Receiving Permission to Dream Again. While Still Being a Full Time Lawyer.
I worked on my book all throughout 2019. Although my agent Charlie suggested I think of writing my book like I did a brief for a client (as in, “deadlines matter!”), I treated the book much more like my Instagram account: I’ll write it when my job gives me time to write it. I did things in spurts–come home and make 3 recipes and photograph them on top of Anthony’s Steinway (sorry, babe…) or even an old cracked fake leather ottoman (that’s where the cover was shot!). I told myself I could write the stories in my sleep (it usually took me only 5 minutes to write the Instagram captions, after all) and thus focused heavily on coming up with recipes and photographing them. In August, I rented a loft space in the South Loop for 2 days, flew in my friend and mentor Betty (the most talented food photographer I know), and
coerced invited my aunts, cousin, and mother to help me prepare, style, and photograph dozens of recipes for the book.
It turned out, of course, that recipe development and photography was easy relative to writing my parents’ stories. I had never written a book before, but man, I’d read a bunch of GREAT ones. And I wanted to be a GREAT writer. I had the prose of Min Jin Lee and R.O. Kwon rolling around in my head like polished marbles, without being able to admit to myself that I had neither the talent nor the skill to write anything like them. But I tried. I devoured books like I’d scarf down japchae. I even took a writing workshop. But, my writing came out stilted, uncomfortable, and exactly the opposite of the writing I included in my Instagram captions, the writing that landed me the book deal in the first place.
You know those moments in your life? Where everything around you is mundane, ordinary, just like every other day of your life? But, on the inside, it’s like a laser show in your brain and thus you remember, with meticulous detail, all those humdrum things that would otherwise elide with the day-to-day? Well, I remember… It was the fall of 2019. I was wearing my navy blue long-sleeve t-shirt, the one I got for running my very first Turkey Trot in 2014. I also had on a headband because I’ve always hated having to peel off the stray hairs that stick to my sweaty face. I was running on the sidewalk that tracked a baseball field in Lincoln Park, having just passed a porta potty that was frustratingly locked.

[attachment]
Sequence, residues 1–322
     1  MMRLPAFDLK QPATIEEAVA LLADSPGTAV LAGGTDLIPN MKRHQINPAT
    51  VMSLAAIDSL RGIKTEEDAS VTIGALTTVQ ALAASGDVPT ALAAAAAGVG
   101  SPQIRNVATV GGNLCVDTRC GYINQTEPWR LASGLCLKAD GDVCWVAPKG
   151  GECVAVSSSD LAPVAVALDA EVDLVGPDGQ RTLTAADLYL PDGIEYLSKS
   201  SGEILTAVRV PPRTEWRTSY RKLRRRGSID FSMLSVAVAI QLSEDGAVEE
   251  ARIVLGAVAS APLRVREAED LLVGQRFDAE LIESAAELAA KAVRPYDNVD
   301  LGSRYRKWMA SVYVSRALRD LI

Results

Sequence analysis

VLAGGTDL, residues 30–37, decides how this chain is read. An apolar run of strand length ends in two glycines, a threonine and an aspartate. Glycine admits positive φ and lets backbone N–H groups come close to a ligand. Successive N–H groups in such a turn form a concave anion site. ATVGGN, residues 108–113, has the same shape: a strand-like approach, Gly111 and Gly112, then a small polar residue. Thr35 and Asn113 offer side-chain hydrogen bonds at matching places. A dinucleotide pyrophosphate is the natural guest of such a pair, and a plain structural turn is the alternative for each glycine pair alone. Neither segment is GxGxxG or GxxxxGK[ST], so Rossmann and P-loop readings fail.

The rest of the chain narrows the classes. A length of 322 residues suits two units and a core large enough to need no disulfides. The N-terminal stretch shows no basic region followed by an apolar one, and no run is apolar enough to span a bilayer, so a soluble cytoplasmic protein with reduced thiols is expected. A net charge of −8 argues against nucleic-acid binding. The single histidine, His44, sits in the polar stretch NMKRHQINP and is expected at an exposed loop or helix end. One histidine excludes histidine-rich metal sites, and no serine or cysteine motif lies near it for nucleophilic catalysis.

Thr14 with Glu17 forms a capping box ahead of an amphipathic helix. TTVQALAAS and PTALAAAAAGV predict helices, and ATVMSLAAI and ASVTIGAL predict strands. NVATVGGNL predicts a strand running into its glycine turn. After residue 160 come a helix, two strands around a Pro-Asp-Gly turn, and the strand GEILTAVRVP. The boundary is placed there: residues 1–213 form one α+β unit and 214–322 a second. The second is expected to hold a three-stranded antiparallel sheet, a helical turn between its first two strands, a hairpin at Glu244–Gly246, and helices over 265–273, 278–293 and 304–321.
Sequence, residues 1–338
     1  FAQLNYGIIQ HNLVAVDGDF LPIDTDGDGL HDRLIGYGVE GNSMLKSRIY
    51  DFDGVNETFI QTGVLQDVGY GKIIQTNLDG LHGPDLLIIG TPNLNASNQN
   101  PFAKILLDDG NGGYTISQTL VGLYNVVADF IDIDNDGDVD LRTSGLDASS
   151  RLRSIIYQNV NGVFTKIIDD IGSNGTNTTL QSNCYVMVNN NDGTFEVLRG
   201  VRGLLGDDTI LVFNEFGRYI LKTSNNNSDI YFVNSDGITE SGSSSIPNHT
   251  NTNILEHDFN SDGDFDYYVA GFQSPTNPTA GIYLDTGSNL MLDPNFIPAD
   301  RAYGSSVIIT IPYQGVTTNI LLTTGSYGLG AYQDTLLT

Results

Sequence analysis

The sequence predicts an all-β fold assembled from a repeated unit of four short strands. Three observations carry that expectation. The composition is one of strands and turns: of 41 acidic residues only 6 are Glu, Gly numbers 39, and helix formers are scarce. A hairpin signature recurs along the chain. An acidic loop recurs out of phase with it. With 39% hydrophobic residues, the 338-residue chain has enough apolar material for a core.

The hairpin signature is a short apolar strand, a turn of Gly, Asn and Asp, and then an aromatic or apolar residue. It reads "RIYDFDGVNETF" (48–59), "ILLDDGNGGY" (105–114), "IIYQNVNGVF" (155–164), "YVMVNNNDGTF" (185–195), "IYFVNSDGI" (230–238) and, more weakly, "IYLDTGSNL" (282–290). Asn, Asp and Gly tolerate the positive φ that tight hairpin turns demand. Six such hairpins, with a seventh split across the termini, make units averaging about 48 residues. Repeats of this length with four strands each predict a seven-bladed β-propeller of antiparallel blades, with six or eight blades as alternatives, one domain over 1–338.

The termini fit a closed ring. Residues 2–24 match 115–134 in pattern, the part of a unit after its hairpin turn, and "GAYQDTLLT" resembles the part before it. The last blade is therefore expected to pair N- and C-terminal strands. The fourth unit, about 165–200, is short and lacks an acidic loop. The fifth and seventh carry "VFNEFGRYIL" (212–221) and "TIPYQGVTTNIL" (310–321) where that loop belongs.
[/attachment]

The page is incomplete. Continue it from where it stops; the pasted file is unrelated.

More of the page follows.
I was listening to a Rich Roll Podcast with David Epstein. They were discussing David’s book, Range, and the subject of late-bloomers, how some of the most successful people in life find their callings in their forties or later. Why? Because they’d given themselves permission to fail. Many many times over at many many things. They walked away from full-fledged careers to try something new without an all-encompassing pressure to succeed, the “pursue your dreams at all costs” mentality that is deified in movies and “self made man” narratives. If they failed, they’d try something different again. And again and again and again, until they found something that stuck. And it was this failing and succeeding and failing and failing and succeeding that created the perfectly unique tapestry, practically by accident, of both resilience and expertise that served as the common thread to their mid-life success stories.
I remember feeling that their conversation was dangerous, that it literally jeopardized my 401(k) and career and that I should just stop listening immediately. That my parents would want me to stop listening immediately.
But with that sense of danger also came a burst of joy, taut ropes loosening around my heart by just a fraction.
I learned two things in that moment:
- I was afraid to dream again.
- Oh wait. I still had dreams.
I was 40 years old.
Yes. TikTok Changed My Life. While Still Being a Full Time Lawyer.
I submitted my first manuscript to my editor a few weeks after listening to that podcast episode. By this time, I was on another case that was taking a lot of my brain power. Despite the seed that had been planted by Messrs. Roll and Epstein, the notion of shelving a legal practice I’d worked so hard to develop still seemed ludicrous. This was later confirmed when my editor came back to me after reading that first manuscript, saying, “Hey… I think we need to cut back on the writing and add a bunch more recipes.”
To me, it was the confirmation I’d been dreading: I can’t write. And if I can’t write, I can’t make a career out of The Korean Vegan. So, let’s stop with this fool notion of quitting your 9 to 5 and doing something else. You’re a lawyer and you should be grateful you have the job you do.
[And no, I didn’t say that in my mother’s voice at all.]
I spent early 2020 dividing my time between preparing for evidentiary hearings in my new case and writing a “bunch more recipes.” In March 2020, though, there was this thing called “the Global Pandemic” that put a crimp in my plans. I was not only having trouble sourcing ingredients for my recipes, but I was terrified of losing my job like everyone else in the world. And therefore, I was more focused than ever on proving my indispensability to the Firm and my clients. Somehow, I managed to turn in a new manuscript with far less writing and about 25 more recipes by the middle of the year, at which time, my big case had started to wrap up. I could sit back and rest a little bit.